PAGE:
The only provisions similar in subject matter to paragraph (c) were EC 5-5 and EC 5-6. EC 5-5 stated that a lawyer "should not suggest to his client that a gift be made to himself or for his benefit," and emphasized the risk of accepting a gift from a client. EC 5-5 further stated that "[o]ther than in exceptional circumstances, a lawyer should insist that an instrument in which his client desires to name him beneficially be prepared by another lawyer selected by the client." EC 5-6 stated that a lawyer "should not consciously influence a client to name him as executor, trustee, or lawyer in an instrument."

Paragraph (d) is substantially similar to DR 5-104(B), but refers to "literary or media" rights rather than only to "publication" rights. EC 5-4 expanded upon the restrictions set forth in the DR.

The first sentence of paragraph (e)(1) is identical to DR 5-103(B). EC 5-8 also addressed advancement of costs and expenses. The balance of Colo.RPC 1.8(e) had no counterpart in the Model Code.

Paragraph (f) is drawn largely from DR 5-107(A)(1), which required the client's consent to payment of the lawyer by a third party. EC 2-21 was to the same effect. In addition to client consent, Colo.RPC 1.8(f)(2) and (3) require, respectively, that there be "no interference with the lawyer's independence of professional judgment or with the lawyer-client relationship," and that the lawyer protect from disclosure information relating to the representation of the client. DR 5-107(B) provided that a lawyer "shall not permit a person who . . . pays him to render legal services for another to direct or regulate his professional judgment in rendering such legal services."

Paragraph (g) is substantially identical to DR 5-106. The Colorado Rule addresses criminal pleas in addition to civil settlements.

The first clause of paragraph (h), regarding an agreement prospectively limiting the lawyer's malpractice liability to a client, is similar to DR 6-102(A). EC 6-6 further advised against the prospective limitation of a client's potential malpractice claims. There was no counterpart in the Model Code to the second clause of paragraph (h), regarding the settlement of a malpractice claim with an unrepresented client or former client.

Paragraph (i) had no counterpart in the Model Code.

Paragraph (j) is substantially identical to DR 5-103(A). EC 5-7 also addressed the general undesirability of the lawyer's acquisition of a proprietary interest in the cause of action or subject matter of litigation.

1.8:200   Lawyer's Personal Interest Affecting Relationship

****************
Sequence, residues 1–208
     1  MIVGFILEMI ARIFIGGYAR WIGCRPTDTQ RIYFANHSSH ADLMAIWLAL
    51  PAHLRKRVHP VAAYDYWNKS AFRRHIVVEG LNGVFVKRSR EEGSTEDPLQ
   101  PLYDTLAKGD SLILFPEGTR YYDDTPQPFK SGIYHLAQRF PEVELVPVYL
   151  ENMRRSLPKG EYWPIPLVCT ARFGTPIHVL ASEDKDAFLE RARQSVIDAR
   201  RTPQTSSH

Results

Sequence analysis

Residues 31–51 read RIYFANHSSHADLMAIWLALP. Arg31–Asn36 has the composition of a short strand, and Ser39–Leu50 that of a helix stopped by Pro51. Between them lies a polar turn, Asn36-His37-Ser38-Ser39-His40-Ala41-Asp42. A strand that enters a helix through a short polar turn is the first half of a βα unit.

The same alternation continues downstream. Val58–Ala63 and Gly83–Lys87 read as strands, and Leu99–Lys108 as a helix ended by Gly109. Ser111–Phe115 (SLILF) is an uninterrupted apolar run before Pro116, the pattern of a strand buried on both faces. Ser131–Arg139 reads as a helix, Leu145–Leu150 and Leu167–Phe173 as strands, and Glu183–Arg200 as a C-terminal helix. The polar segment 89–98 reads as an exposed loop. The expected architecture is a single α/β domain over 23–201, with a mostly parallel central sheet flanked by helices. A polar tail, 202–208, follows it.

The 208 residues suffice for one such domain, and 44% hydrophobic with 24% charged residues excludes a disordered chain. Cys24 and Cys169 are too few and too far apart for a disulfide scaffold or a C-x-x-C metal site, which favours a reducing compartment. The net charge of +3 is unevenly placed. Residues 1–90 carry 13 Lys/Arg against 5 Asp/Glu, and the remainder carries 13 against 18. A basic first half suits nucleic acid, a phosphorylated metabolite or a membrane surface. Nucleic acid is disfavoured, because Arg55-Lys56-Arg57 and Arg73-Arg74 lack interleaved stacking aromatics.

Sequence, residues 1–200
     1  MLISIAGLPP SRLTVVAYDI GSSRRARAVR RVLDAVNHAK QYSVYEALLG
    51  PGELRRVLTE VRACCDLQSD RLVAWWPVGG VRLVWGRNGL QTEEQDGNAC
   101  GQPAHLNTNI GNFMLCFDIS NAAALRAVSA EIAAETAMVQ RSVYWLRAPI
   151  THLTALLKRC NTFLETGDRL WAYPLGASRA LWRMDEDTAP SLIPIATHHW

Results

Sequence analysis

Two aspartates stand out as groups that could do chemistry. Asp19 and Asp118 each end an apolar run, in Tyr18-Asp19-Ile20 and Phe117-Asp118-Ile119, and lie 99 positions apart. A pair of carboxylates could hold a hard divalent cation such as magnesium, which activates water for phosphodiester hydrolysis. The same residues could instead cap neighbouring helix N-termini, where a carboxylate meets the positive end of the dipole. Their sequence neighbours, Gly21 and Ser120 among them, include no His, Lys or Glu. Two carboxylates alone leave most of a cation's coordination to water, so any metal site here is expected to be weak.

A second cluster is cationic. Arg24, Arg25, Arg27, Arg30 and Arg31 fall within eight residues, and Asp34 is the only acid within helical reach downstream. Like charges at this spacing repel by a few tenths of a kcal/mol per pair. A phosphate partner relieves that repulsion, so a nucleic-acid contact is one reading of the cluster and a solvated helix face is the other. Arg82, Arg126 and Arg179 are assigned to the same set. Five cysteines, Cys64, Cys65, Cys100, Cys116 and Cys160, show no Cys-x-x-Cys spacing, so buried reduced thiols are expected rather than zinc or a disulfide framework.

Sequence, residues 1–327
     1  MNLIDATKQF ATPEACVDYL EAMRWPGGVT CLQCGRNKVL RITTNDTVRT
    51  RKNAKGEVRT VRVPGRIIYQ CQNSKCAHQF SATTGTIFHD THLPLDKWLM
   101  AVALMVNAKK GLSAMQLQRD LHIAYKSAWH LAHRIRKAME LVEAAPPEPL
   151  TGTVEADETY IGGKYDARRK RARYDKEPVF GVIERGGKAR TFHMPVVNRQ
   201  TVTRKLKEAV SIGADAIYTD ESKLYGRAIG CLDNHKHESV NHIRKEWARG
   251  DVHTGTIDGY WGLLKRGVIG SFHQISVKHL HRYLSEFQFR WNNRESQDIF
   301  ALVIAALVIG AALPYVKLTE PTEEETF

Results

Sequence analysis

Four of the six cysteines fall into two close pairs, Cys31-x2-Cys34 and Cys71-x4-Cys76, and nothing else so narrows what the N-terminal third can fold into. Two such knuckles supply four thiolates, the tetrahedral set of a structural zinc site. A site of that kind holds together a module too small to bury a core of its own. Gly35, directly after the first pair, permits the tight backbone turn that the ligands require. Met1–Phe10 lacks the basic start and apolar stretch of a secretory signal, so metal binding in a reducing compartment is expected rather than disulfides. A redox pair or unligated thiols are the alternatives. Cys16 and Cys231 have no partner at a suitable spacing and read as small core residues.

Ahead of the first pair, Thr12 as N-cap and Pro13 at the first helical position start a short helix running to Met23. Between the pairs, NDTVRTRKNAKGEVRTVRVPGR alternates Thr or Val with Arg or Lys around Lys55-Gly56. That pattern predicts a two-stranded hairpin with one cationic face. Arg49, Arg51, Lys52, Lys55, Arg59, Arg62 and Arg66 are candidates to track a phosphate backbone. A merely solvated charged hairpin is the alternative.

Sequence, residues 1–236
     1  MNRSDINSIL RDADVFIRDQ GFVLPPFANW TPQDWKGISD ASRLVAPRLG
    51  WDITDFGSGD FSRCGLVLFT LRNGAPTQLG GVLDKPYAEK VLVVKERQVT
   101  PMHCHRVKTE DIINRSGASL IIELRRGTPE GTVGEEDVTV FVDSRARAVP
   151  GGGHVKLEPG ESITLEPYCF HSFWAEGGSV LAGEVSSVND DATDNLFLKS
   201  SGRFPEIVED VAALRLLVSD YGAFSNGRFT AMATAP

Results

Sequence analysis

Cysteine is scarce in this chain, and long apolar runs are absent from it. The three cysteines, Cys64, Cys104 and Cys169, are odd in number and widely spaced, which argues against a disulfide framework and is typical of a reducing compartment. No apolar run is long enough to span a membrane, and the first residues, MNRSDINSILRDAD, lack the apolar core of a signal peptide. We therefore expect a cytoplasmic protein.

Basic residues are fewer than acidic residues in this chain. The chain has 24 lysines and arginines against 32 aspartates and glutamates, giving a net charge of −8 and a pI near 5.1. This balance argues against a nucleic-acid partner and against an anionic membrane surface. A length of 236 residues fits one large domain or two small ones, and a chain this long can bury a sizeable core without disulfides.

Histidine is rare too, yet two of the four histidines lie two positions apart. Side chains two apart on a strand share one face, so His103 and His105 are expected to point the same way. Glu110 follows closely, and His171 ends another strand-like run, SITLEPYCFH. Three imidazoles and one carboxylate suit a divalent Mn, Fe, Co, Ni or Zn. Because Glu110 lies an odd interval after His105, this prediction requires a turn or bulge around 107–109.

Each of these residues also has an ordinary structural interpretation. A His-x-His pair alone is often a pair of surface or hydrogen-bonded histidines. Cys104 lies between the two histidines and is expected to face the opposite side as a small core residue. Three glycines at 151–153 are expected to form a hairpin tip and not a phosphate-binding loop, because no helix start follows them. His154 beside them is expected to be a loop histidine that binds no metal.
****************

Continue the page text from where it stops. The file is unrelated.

Primary Colorado References: CO Rule 1.8(a)
Background References: ABA Model Rule 1.8(a), Other Jurisdictions
Commentary: ABA/BNA 51:501 et seq., ALI-LGL 207, Wolfram 7.6, 8.11

[The discussion of this topic has not yet been written.]

1.8:210      Sexual Relations with Clients

[The discussion of this topic has not yet been written.]

1.8:220      Business Transactions with Clients

[The discussion of this topic has not yet been written.]

1.8:300   Lawyer's Use of Client Information

Primary Colorado References: CO Rule 1.8(b)
Background References: ABA Model Rule 1.8(b), Other Jurisdictions
Commentary: ABA/BNA 55:501-55:2001 , ALI-LGL 113-117A, Wolfram 6.7

[The discussion of this topic has not yet been written.]

1.8:400   Client Gifts to Lawyer

Primary Colorado References: CO Rule 1.8(c)
Background References: ABA Model Rule 1.8(c), Other Jurisdictions
Commentary: ABA/BNA 51:601, ALI-LGL 208, Wolfram 8.12

[The discussion of this topic has not yet been written.]

1.8:500   Literary or Media Rights Relating to Representation

Primary Colorado References: CO Rule 1.8(d)
Background References: ABA Model Rule 1.8(d), Other Jurisdictions
Commentary: ABA/BNA 51:701, ALI-LGL 48, Wolfram 9.3.3

[The discussion of this topic has not yet been written.]

1.8:600   Financing Litigation

Primary Colorado References: CO Rule 1.8(e)
Background References: ABA Model Rule 1.8(e), Other Jurisdictions
Commentary: ABA/BNA 51:801, ALI-LGL 48, Wolfram 9.2.3

[The discussion of this topic has not yet been written.]

1.8:610      Litigation Expenses

[The discussion of this topic has not yet been written.]

1.8:620      Living and Medical Expenses

[The discussion of this topic has not yet been written.]

1.8:700   Payment of Lawyer's Fee by Third Person

Primary Colorado References: CO Rule 1.8(f)
Background References: ABA Model Rule 1.8(f), Other Jurisdictions
Commentary: ABA/BNA 51:901, ALI-LGL 215, 216, Wolfram 8.8

[The discussion of this topic has not yet been written.]}

1.8:710      Compensation and Direction by Third Person

[The discussion of this topic has not yet been written.]

1.8:720      Insured-Insurer Conflicts [see also 1.7:315]

[The discussion of this topic has not yet been written.]

1.8:730      Lawyer with Fiduciary Obligation to Third Persons [see 1.13:520]

[The discussion of this topic has not yet been written.]

1.8:800   Aggregate Settlements

Primary Colorado References: CO Rule 1.8(g)
Background References: ABA Model Rule 1.8(g), Other Jurisdictions
Commentary: ABA/BNA 51:375, ALI-LGL 209, Wolfram 8.15

[The discussion of this topic has not yet been written.]

1.8:900   Agreements Involving Lawyer's Malpractice Liability

Primary Colorado References: CO Rule 1.8(h)
Background References: ABA Model Rule 1.8(h), Other Jurisdictions
Commentary: ABA/BNA 51:110l, ALI-LGL 76, Wolfram 5.6.7

[The discussion of this topic has not yet been written.]

1.8:910      Prospective Limitation of Malpractice Liability

[The discussion of this topic has not yet been written.]

1.8:920      Settlement of Legal Malpractice Claim

[The discussion of this topic has not yet been written.]

1.8:1000   Opposing a Lawyer Relative

Primary Colorado References: CO Rule 1.8(i)
Background References: ABA Model Rule 1.8(i), Other Jurisdictions
Commentary: ABA/BNA 51:1301, ALI-LGL 203, Wolfram 7.6.6

[The discussion of this topic has not yet been written.]

1.8:1100   Lawyer's Proprietary Interest in Subject Matter of Representation

Primary Colorado References: CO Rule 1.8(j)
Background References: ABA Model Rule 1.8(j), Other Jurisdictions
Commentary: ABA/BNA , ALI-LGL 47, 53, 55, Wolfram 8.13, 9.6.3

[The discussion of this topic has not yet been written.]

1.8:1110      Acquiring an Interest in Subject Matter of Representation

[The discussion of this topic has not yet been written.]

1.8:1120      Contingent Fees [see also 1.5:600]

[The discussion of this topic has not yet been written.]

1.8:1130      Lawyer Liens

[The discussion of this topic has not yet been written.]

1.8:1140      Retention of Files to Collect Fees

[The discussion of this topic has not yet been written.]